Van Gundy said Wednesday, after Marjanovic held up well in his first shot at rotation minutes with Baynes out, that they urge him to be less unselfish and look to be more of a scorer. He’s got a feathery touch, as his foul shooting attests, to go with huge hands and incredible length. Though the Pistons are ably staffed at center with Drummond and Baynes, Van Gundy said Marjanovic has given him another viable option.

“He certainly was great tonight, so he certainly made a case for himself, that’s for sure,” Van Gundy said.

“He was phenomenal,” Jackson said. “Amazing. What he did was special. Hats off to the performance that he had and the energy he brought, just the dynamic that he brought to the game.”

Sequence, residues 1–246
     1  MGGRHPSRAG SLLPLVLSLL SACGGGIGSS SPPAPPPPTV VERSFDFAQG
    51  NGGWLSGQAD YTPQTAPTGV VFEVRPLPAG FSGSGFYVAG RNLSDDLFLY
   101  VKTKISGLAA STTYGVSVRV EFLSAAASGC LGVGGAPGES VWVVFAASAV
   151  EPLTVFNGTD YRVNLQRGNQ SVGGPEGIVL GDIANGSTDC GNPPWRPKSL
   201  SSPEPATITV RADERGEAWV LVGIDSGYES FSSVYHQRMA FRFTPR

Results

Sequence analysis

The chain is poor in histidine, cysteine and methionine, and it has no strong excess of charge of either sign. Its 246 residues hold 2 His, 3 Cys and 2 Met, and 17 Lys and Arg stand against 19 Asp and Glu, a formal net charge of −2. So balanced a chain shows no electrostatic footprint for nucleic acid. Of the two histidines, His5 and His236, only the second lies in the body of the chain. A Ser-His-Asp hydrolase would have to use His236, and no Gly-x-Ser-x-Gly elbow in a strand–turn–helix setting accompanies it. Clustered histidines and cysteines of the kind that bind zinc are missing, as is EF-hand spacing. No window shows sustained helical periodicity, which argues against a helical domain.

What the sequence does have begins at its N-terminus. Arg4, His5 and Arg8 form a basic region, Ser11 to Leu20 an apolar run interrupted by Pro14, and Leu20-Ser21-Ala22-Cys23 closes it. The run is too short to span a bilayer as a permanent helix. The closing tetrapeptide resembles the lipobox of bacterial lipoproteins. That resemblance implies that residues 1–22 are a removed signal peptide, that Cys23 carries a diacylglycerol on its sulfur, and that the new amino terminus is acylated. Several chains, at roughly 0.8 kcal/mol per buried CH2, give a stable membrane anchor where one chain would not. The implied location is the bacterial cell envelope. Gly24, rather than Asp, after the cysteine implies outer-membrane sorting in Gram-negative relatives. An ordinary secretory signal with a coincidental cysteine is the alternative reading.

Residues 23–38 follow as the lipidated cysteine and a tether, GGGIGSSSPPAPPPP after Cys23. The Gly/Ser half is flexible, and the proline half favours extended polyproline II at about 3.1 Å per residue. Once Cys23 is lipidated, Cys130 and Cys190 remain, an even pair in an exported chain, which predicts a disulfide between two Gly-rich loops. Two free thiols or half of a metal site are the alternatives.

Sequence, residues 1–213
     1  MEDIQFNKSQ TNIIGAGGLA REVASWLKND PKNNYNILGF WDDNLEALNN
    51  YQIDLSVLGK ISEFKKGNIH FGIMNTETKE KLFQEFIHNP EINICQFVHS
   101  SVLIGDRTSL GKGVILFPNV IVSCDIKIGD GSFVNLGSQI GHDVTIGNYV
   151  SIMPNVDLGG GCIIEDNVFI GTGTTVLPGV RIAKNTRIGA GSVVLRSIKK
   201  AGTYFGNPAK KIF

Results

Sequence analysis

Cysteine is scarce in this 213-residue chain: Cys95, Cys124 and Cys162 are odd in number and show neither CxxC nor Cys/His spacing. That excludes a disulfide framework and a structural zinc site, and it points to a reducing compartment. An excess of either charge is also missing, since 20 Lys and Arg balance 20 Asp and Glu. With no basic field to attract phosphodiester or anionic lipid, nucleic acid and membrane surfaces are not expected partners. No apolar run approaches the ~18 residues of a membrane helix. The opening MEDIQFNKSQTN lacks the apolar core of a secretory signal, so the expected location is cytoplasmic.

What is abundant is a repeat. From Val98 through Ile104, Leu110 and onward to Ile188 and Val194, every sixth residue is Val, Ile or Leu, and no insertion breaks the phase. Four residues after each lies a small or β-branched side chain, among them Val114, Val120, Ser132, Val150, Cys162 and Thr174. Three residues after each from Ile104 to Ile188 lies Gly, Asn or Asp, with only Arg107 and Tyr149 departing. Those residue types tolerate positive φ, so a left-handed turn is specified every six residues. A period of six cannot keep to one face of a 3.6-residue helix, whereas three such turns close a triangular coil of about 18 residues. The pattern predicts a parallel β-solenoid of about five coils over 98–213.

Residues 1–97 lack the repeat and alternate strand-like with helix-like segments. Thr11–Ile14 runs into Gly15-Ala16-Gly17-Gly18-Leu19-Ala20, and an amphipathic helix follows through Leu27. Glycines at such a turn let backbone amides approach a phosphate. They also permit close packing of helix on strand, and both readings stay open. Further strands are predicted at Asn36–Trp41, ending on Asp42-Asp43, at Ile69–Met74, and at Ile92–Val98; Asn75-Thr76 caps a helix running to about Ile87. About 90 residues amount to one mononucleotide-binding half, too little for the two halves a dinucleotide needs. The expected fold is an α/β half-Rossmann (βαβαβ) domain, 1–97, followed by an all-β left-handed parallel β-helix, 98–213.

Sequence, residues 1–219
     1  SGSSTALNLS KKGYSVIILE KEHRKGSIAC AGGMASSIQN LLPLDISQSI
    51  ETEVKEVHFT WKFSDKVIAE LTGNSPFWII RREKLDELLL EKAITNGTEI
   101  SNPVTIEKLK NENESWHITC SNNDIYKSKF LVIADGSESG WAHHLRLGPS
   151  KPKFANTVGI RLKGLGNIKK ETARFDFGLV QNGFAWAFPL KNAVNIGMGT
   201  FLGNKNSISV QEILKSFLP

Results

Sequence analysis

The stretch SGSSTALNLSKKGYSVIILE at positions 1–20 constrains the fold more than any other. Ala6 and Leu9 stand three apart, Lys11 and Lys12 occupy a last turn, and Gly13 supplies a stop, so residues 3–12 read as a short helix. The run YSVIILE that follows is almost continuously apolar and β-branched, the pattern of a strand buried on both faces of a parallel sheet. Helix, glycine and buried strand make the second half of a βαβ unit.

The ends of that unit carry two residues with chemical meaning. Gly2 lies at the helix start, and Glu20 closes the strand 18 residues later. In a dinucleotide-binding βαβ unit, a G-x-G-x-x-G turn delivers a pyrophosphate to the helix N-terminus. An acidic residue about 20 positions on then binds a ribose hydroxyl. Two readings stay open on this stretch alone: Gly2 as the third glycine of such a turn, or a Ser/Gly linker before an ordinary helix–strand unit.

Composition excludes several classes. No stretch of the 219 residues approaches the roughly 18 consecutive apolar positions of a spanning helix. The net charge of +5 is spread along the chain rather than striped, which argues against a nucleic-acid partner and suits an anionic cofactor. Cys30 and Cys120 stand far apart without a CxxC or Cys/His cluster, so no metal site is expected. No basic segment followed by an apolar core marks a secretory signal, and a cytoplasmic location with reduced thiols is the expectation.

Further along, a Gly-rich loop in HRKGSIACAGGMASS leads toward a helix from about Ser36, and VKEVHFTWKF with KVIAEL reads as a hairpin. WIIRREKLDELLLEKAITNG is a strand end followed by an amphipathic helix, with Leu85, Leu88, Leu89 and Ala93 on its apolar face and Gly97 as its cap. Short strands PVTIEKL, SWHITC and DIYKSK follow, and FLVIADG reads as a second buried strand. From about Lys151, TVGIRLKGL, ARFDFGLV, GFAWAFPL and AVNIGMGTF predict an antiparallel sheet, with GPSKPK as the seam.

Van Gundy’s brow was furrowed after the Pistons almost catastrophically squandered a 19-point lead in 10 minutes, but as tarnished as the win might have seemed a loss would have been devastating – especially with the 10-day road trip that starts Friday looming.

“Aw, man, we needed it. We needed it,” Morris said. “(Forty-four) points is inexcusable, but we go back, we see what we did wrong. We played three quarters hard. At the same time, we got the W.”

FAST BREAKDOWN

Three quick observations from the 125-124 double-overtime win over the Portland Trail Blazers at Moda Center